It’s my privilege to speak to the students at our Christian school each Thursday morning. Yesterday, I talked about ‘treasures’ with them. The topic is tough one for those of us who live in a consumer culture, who are accustomed to a life that includes internet, cars, cell phones, abundant food, and plenty of clean water! So, when I asked them about their treasure, I got a variety of answers including the ‘Sunday School’ answer – Jesus! Then, we read the story of a wealthy man who came to Jesus inquiring about gaining eternal life. The core meaning of that story eluded those students as it does many of us. They thought Jesus was condemning his wealth and demanding poverty. But, was He?
” A certain ruler asked him, “Good teacher, what must I do to inherit eternal life?” “Why do you call me good?” Jesus answered. “No one is good—except God alone. You know the commandments: ‘Do not commit adultery, do not murder, do not steal, do not give false testimony, honor your father and mother.’” “All these I have kept since I was a boy,” he said.
When Jesus heard this, he said to him, “You still lack one thing. Sell everything you have and give to the poor, and you will have treasure in heaven. Then come, follow me.” When he heard this, he became very sad, because he was a man of great wealth. Jesus looked at him and said, “How hard it is for the rich to enter the kingdom of God! Indeed, it is easier for a camel to go through the eye of a needle than for a rich man to enter the kingdom of God.” Those who heard this asked, “Who then can be saved?” Jesus replied, “What is impossible with men is possible with God.” (Luke 18:18-27, NIV)
The one thing that stood between that earnest young man and God was not the wealth with which he was privileged. It was the self-sufficiency that the wealth created!
This young man was accustomed to being in control and it showed in his first responses. When asked about his moral choices, he was able to point to a record of good. He never slept with his friend’s wife. He did not murder. That’s good, right? And, he had done well with honesty and giving honor to his parents. The fact that Jesus let his answer stand without challenge tells me that the young man was truthful about these things. There was a major obstacle on the way to knowing God fully. It was not his morality, it was his need to control his own life. Jesus touched the nerve when He told that man, “Go sell everything, then come and follow me!” That rich young man would not do it. His wealth was his security.
Jesus made a comment worthy of our attention: How hard it is for the rich to enter the kingdom of God! Why? Does God hate wealth? Not at all. It is the byproduct of wealth – that illusion of control, the ability to manage and control so much of life when there is access to money, that creates a roadblock to knowing the Lord. Wealth allows us to temporarily satisfy the soul hunger with fine things, with personal comfort, even with the admiration that so easily flows to those with greater resources. Jesus was uncompromising when He taught us that “No one can serve two masters … he will hate the one and love the other. You cannot serve both God and Money.” (Luke 6:24)
So, Christian, where is YOUR treasure?
What makes you secure, gives your life a sense of meaning?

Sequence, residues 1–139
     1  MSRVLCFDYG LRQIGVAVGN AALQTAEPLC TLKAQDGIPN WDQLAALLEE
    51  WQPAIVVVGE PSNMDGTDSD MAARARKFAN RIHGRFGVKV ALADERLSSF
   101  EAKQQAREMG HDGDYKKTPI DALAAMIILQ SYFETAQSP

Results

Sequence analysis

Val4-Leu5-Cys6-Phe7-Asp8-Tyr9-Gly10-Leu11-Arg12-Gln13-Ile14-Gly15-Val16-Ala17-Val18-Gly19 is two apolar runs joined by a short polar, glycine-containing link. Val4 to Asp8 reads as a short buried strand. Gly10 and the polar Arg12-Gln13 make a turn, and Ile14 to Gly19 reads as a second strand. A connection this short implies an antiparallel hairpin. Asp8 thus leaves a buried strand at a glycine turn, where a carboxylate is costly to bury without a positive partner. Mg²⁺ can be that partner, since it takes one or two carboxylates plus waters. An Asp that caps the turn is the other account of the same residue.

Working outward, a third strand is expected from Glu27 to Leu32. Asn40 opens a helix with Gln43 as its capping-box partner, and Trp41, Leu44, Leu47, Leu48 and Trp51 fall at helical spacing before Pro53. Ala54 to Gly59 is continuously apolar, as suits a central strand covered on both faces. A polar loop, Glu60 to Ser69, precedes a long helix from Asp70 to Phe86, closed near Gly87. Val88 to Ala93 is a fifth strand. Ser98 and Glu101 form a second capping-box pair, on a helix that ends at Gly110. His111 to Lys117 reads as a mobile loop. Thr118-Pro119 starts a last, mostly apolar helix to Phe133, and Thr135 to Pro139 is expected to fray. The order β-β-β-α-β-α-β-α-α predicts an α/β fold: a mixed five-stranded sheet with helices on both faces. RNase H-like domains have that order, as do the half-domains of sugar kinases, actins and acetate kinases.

Is it the things you own, the position your stuff provides? It is a tough question to answer given the amazing wealth in which we are privileged to live in here in America. In spite of all the noise about falling wages and hardship, most of us enjoy a standard of life that is inaccessible to 90 percent of the rest of the world’s population.
The word from the Word is a familiar passage. Take a few moments to pray your way through it this morning, inviting the Holy Spirit to help you to see beyond the words, to grasp the eternal truth.
“Don’t hoard treasure down here where it gets eaten by moths and corroded by rust or—worse!—stolen by burglars. Stockpile treasure in heaven, where it’s safe from moth and rust and burglars. It’s obvious, isn’t it? The place where your treasure is, is the place you will most want to be, and end up being.”
“If you decide for God, living a life of God-worship, it follows that you don’t fuss about what’s on the table at mealtimes or whether the clothes in your closet are in fashion. There is far more to your life than the food you put in your stomach, more to your outer appearance than the clothes you hang on your body. … What I’m trying to do here is to get you to relax, to not be so preoccupied with getting, so you can respond to God’s giving. People who don’t know God and the way he works fuss over these things, but you know both God and how he works. Steep your life in God-reality, God-initiative, God-provisions. Don’t worry about missing out. You’ll find all your everyday human concerns will be met. ” (Matthew 6: 19-21, 25,31-33, The Message)
Be Thou my vision
O Lord of my heart
Naught be all else to me
Save that Thou art
Thou my best thought
By day or by night
Waking or sleeping
Thy presence my light
Riches I heed not
Nor man’s empty praise
Thou mine inheritance
Now and always
Thou and Thou only
Be first in my heart
High King of heaven
My treasure Thou art
High King of heaven
When vict’ry is won
May I reach heaven’s joys
O bright heaven’s Sun
Heart of my own heart
Still be my vision
O Ruler of all
Be Thou My Vision
Eleanor Henrietta Hull | Mary Elizabeth Byrne © Words: Public Domain